Harnessing the power of humidity in the air to generate electricity may sound like a concept straight out of a science fiction novel, but for researchers at the University of Massachusetts Amherst, it's now a reality. They have discovered an innovative method to generate electricity from the moisture in the air, a breakthrough they have termed the 'generic Air-gen effect'.
At the core of this innovation is a device made from any material embedded with nanopores, each about a thousandth of the width of a human hair. These minute nanopores allow water molecules to pass through, creating a charge imbalance that results in electricity generation. The process bears resemblance to how a cloud, loaded with electrical charge, can produce lightning when conditions are right. Jun Yao, assistant professor of electrical and computer engineering at UMass Amherst and the paper’s senior author, explains, "The air contains an enormous amount of electricity. Each droplet of a cloud contains a charge, and when conditions are right, the cloud can produce a lightning bolt. But we don’t know how to reliably capture electricity from lightning. What we’ve done is create a human-built, small-scale cloud that produces electricity for us predictably and continuously so that we can harvest it.”
This discovery is an expansion on the team's earlier research, which demonstrated that electricity could be harvested from the air using a unique material composed of protein nanowires. However, the 'Air-gen effect' takes it a step further by revealing that virtually any material with specific properties can harness electricity from the air. This realization broadens the scope for creating various types of harvesters tailored for different environments. Yao further elaborates, "What we realized after making the Geobacter discovery is that the ability to generate electricity from the air – what we then called the ‘Air-gen effect’ – turns out to be generic: literally any kind of material can harvest electricity from air, as long as it has a certain property."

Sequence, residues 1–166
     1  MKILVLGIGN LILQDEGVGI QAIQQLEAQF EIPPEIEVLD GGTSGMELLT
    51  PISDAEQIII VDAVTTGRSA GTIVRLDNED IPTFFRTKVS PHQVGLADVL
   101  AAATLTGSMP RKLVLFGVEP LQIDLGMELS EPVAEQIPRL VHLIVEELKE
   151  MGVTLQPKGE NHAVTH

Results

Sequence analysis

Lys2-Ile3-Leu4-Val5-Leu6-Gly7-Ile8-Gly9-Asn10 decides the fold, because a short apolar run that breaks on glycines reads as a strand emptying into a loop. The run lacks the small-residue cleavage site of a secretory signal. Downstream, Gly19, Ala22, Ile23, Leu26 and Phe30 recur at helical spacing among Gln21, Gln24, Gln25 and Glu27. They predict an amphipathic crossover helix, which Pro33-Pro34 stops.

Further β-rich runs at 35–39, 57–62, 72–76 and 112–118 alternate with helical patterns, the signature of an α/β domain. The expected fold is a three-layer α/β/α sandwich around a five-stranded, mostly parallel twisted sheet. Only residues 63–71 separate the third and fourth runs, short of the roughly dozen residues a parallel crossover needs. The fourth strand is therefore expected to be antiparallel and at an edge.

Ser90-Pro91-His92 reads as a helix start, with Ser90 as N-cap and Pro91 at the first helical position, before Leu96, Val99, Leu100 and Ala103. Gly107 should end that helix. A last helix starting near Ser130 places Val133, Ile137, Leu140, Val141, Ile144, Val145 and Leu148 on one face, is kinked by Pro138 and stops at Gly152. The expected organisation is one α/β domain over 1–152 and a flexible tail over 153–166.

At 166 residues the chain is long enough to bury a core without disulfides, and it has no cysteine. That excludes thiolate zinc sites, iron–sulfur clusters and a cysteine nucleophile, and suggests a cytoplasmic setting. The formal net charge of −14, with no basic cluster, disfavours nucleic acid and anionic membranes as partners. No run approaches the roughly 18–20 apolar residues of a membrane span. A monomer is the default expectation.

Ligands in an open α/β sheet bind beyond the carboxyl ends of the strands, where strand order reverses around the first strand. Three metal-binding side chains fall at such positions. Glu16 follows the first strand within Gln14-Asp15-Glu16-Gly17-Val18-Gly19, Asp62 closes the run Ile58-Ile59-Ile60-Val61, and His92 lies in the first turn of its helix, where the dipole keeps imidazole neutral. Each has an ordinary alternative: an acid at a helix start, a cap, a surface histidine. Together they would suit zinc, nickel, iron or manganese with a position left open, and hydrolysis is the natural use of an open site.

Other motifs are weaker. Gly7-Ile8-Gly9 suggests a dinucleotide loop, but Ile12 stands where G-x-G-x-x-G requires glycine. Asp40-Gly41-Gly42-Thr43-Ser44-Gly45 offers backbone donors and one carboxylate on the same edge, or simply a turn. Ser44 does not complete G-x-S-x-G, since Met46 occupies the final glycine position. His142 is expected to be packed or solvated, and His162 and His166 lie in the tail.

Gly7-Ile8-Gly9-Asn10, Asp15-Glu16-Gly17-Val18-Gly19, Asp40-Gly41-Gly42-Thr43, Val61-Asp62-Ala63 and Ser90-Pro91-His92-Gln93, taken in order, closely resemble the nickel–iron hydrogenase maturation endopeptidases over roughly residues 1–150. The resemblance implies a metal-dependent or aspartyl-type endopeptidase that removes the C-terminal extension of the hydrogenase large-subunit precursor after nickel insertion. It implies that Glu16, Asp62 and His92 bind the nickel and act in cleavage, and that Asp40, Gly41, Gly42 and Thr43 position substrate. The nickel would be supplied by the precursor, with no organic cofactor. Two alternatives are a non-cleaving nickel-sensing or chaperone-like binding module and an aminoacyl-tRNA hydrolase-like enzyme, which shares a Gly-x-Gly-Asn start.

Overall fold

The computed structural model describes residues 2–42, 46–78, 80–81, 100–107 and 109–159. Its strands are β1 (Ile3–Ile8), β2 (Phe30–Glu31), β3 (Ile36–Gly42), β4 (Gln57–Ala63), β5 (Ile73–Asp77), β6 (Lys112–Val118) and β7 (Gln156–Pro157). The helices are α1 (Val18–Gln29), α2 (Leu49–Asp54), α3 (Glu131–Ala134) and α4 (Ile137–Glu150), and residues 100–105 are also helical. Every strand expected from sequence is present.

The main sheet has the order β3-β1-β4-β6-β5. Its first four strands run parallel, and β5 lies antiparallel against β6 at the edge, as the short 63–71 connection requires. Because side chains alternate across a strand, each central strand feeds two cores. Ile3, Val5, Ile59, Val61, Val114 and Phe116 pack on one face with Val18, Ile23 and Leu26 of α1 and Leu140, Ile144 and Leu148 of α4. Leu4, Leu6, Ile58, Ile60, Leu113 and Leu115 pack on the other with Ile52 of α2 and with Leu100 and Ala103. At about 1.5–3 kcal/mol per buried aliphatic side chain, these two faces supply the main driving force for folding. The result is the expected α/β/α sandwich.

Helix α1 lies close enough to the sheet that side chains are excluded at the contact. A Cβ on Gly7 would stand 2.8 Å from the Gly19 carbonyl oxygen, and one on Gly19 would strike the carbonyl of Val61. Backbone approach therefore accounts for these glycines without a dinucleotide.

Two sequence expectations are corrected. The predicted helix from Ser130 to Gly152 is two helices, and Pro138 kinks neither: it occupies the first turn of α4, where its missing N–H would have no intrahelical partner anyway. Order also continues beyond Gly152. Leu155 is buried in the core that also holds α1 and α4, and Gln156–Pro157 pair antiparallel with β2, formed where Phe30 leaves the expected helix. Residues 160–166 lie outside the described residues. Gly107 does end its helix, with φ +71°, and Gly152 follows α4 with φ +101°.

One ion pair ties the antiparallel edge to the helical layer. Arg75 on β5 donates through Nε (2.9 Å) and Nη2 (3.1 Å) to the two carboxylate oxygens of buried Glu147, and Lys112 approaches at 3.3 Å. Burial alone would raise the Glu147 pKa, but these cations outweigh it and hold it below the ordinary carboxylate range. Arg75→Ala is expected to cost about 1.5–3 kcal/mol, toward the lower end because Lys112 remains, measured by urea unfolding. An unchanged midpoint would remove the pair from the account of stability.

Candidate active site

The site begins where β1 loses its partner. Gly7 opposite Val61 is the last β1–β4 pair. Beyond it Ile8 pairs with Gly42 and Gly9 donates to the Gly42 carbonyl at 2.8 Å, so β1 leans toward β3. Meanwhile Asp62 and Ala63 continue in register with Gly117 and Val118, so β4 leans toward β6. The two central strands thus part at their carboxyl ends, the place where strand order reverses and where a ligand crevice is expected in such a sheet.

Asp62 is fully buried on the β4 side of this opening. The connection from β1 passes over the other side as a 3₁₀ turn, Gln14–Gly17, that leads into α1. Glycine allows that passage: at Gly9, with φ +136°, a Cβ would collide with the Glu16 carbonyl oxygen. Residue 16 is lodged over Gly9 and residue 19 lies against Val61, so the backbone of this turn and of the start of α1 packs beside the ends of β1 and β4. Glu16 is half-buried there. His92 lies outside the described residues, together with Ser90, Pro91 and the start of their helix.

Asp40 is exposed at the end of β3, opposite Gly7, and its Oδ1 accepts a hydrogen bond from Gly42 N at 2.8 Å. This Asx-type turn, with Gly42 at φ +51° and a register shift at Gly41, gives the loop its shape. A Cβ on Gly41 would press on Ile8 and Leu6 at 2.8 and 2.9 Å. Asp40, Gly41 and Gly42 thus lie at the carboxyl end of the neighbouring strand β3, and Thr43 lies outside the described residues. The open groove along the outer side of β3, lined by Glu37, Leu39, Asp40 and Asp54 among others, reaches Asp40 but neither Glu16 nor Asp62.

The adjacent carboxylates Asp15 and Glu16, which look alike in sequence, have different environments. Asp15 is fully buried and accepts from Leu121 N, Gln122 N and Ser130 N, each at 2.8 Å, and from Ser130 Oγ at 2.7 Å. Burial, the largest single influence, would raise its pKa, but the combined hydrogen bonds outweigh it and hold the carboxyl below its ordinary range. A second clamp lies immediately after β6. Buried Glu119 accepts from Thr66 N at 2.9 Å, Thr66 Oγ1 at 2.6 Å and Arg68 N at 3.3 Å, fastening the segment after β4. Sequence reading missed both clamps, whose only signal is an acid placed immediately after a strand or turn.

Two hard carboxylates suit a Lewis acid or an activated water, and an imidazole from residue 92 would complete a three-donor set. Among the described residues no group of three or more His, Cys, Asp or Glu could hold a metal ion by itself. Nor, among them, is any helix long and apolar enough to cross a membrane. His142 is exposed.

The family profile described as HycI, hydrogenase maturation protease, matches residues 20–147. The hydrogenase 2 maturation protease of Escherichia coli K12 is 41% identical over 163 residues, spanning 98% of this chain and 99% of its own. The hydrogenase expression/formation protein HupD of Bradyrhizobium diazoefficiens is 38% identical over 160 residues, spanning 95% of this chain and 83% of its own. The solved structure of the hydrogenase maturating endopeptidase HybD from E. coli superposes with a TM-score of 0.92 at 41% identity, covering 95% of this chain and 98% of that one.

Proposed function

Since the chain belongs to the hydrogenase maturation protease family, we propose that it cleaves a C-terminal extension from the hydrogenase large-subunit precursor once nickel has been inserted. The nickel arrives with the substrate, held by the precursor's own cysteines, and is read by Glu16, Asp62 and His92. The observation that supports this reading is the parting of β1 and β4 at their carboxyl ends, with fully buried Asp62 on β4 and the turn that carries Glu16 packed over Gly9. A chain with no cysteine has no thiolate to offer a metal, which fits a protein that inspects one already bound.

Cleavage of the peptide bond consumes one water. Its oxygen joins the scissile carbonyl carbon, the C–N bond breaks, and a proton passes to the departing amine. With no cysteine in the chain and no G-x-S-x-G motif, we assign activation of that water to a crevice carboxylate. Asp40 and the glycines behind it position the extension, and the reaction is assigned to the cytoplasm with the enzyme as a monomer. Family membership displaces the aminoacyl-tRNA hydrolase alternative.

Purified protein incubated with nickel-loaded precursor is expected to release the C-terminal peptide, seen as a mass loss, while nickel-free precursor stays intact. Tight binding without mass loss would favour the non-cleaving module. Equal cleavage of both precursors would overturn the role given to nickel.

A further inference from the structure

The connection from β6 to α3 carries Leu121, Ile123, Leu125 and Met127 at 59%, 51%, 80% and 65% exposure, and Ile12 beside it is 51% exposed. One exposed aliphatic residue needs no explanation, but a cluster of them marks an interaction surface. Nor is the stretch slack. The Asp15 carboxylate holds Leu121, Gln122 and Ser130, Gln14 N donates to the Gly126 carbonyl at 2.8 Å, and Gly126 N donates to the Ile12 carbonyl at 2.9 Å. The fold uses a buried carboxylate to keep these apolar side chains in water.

Xiaomeng Liu, lead author of the paper and a graduate student at UMass Amherst, shares his enthusiasm about the development, stating, “We are opening up a wide door for harvesting clean electricity from thin air.” As the quest for sustainable, renewable energy sources intensifies, this groundbreaking discovery could represent a significant stride forward. The idea of gleaning electricity from the very air we breathe isn't just thrilling; it could potentially transform our approach to energy production and consumption, pushing us towards a more sustainable future.